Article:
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Plant Physiol. Jun 2003; 132(2): 779–785.
PMCID: PMC167017

Seed-Specific Overexpression of an Endogenous Arabidopsis Phytoene Synthase Gene Results in Delayed Germination and Increased Levels of Carotenoids, Chlorophyll, and Abscisic Acid1


Phytoene synthase catalyzes the dimerization of two molecules of geranylgeranyl pyrophosphate to phytoene and has been shown to be rate limiting for the synthesis of carotenoids. To elucidate if the capacity to produce phytoene is limiting also in the seed of Arabidopsis (Wassilewskija), a gene coding for an endogenous phytoene synthase was cloned and coupled to a seed-specific promoter, and the effects of the overexpression were examined. The resulting transgenic plants produced darker seeds, and extracts from the seed of five overexpressing plants had a 43-fold average increase of β-carotene and a total average amount of β-carotene of approximately 260 μg g1 fresh weight. Lutein, violaxanthin, and chlorophyll were significantly increased, whereas the levels of zeaxanthin only increased by a factor 1.1. In addition, substantial levels of lycopene and α-carotene were produced in the seeds, whereas only trace amounts were found in the control plants. Seeds from the transgenic plants exhibited delayed germination, and the degree of delay was positively correlated with the increased levels of carotenoids. The abscisic acid levels followed the increase of the carotenoids, and plants having the highest carotenoid levels also had the highest abscisic acid content. Addition of gibberellic acid to the growth medium only partly restored germination of the transgenic seeds.

In higher plants, carotenoids are synthesized in the plastid via the 1-deoxy-d-xylulose-5-phosphate (DOXP) isoprenoid biosynthetic pathway (Lichtenthaler et al., 1997). These pigments can act as visual attractants, function as structural components in the photosystems, and trigger biochemical reactions. Phytoene synthases dimerize two geranylgeranyl pyrophosphate molecules to prephytoene diphosphate and the following conversion to phytoene, a noncolored hydrophobic C40 carbon molecule (Dogbo et al., 1988). Consecutive desaturation, isomerization, cyclization, and oxygenation result in a number of different carotenoids (Fig. 1). Phytoene synthases are regulated both at the transcriptional and posttranscriptional levels and are a rate-limiting key enzyme in the biosynthetic pathway of carotenoid synthesis (Burkhardt et al., 1997; Hirschberg, 2001). In white mustard (Sinapis alba), the enzyme is inactive in dark-grown plantlets and localized to the prolamellar body of the plastid. White light results in relocalization, formation of thylakoids, and activation of the enzyme (Welsch et al., 2000). Purified phytoene synthase requires Mn2+ and ATP for its activity, and β-carotene was shown to inhibit the reaction (Fraser et al., 2000).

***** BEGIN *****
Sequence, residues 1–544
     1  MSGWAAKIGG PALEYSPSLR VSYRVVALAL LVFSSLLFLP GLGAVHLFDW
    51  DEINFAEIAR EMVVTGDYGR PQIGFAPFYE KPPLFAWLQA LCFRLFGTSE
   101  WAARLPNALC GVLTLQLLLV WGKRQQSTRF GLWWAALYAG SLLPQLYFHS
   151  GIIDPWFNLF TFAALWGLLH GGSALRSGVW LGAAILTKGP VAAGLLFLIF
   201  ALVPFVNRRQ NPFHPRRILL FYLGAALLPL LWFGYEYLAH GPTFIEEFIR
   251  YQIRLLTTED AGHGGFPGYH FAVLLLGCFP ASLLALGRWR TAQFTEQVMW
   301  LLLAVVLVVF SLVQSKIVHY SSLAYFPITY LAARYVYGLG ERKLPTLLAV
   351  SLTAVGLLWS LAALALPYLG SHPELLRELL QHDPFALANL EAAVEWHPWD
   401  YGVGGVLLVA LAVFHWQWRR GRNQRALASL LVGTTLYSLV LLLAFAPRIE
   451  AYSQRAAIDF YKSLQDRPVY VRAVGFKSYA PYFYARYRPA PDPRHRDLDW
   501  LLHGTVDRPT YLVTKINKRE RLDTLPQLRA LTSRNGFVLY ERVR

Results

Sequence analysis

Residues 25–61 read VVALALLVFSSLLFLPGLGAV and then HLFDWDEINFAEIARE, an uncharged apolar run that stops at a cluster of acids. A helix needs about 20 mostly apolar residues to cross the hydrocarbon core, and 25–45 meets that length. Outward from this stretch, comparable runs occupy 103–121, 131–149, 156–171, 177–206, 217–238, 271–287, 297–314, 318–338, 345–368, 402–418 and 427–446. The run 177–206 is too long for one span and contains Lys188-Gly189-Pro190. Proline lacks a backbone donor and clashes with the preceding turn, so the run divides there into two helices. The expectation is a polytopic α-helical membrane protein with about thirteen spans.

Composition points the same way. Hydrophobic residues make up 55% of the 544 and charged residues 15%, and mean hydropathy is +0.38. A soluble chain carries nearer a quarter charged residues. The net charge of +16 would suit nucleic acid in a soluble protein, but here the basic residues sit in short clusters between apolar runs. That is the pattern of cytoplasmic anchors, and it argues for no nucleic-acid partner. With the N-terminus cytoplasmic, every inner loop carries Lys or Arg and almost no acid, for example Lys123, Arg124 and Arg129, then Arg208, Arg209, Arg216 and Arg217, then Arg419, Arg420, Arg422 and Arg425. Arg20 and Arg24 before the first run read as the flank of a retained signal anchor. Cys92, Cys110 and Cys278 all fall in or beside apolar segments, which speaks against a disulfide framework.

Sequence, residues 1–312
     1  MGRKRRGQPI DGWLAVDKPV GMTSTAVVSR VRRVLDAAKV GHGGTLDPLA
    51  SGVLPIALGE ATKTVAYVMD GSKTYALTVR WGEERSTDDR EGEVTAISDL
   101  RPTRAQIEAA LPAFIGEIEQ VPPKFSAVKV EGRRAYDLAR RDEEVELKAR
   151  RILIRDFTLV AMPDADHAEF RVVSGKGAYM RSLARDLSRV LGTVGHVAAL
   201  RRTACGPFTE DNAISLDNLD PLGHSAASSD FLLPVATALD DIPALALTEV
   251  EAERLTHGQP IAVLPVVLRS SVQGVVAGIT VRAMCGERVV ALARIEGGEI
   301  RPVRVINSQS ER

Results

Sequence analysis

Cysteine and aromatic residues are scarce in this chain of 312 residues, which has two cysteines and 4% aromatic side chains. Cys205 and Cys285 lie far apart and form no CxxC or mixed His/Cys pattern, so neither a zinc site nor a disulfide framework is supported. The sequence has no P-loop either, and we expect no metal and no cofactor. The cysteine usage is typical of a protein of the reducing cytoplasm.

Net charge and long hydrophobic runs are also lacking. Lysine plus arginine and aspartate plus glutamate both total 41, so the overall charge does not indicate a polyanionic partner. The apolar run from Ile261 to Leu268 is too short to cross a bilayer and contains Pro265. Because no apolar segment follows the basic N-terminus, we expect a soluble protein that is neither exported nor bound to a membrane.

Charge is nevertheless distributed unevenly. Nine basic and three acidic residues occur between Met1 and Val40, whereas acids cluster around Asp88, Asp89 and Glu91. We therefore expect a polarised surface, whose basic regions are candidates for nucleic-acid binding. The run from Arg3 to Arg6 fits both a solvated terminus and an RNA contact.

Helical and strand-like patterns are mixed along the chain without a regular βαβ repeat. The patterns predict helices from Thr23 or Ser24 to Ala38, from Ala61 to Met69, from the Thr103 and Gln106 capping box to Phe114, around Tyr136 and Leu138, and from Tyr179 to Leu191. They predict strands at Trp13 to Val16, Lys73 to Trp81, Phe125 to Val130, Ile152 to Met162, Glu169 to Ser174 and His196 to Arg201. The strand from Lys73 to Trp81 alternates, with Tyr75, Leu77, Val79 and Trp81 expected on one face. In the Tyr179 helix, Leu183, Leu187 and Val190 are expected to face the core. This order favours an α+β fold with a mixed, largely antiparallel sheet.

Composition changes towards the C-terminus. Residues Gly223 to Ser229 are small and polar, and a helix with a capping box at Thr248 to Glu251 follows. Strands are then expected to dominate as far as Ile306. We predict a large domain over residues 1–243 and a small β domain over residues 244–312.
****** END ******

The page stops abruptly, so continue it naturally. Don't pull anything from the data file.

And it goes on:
Figure 1.
Overview of the biosynthesis of isoprenoids in plastids. Several steps have been omitted for simplification. PSY, Phytoene synthase; PDS, phytoene desaturase; ZDS, zeta-carotene desaturase; CRTISO, carotene isomerase; LCY-b, lycopene β-cyclase; ...

Constitutive expressions of phytoene synthases in tomato (Lycopersicon esculentum) and tobacco (Nicotiana tabacum) resulted in dwarfism, chlorosis, and differential coloring of the plants (Fray et al., 1995; Busch et al., 2002). In the tomato plants, the levels of GA were decreased, and in some instances, a small decrease of the levels of abscisic acid (ABA) was also found (Fray et al., 1995). By using tissue-specific promoters for expression of phytoene synthases, many of the problems associated with expression in vegetative parts of the plant that causes dwarfism and chlorosis can be circumvented. For example, expression of a bacterial phytoene synthase in tomato in a fruit-specific manner resulted in elevated levels of phytoene, lycopene, lutein, and β-carotene (Fraser et al., 2002). In canola (Brassica napus) seed-specific expression of a bacterial phytoene synthase resulted in a 50-fold increase of the total carotenoid content. The main increase was due to elevated levels of α- and β-carotene, whereas the level of lutein remained unaltered, and it was noticed that the seed germinated 1 to 2 d later than the control plant (Shewmaker et al., 1999). Mature wild-type seeds of Nicotiana plumbaginifolia exhibiting seed dormancy have been found to contain higher amounts of ABA than non-dormant seeds (Grappin et al., 2000).

Many genes that affect seed dormancy and germination have been shown to be involved in the synthesis of carotenoids. Seed dormancy and germination have recently been reviewed, and a complex set of genes has emerged affecting these features (Koornneef et al., 2002). Genes acting early in the pathway of carotenoid synthesis like DOXP synthase and later in the pathway exemplified by zeaxanthin epoxidase and 9-cis-epoxy-carotenoid dioxygenase (NCED), have been shown to affect germination and synthesis of ABA (Frey et al., 1999; Thompson et al., 2000; Estévez et al., 2001). Dioxygenases are enzymes that cleave 9-cis-epoxycarotenoids to xanthoxin and C25 metabolites. Inducible overexpression of NCED genes has proven its importance for the synthesis of ABA in relation to seed germination (Thompson et al., 2000; Qin and Zeevaart, 2002). In this study, we use a seed-specific promoter coupled to an Arabidopsis phytoene synthase gene to show that spatial and temporal specific expression of a phytoene synthase gene results in accumulation of carotenoids, ABA, and chlorophyll in the seed. The transgenic plants produced seed with delayed germination, and the carotenoid level was negatively correlated with germination and positively correlated with the ABA level.


More Pigmented Seed and Changed Carotenoid Composition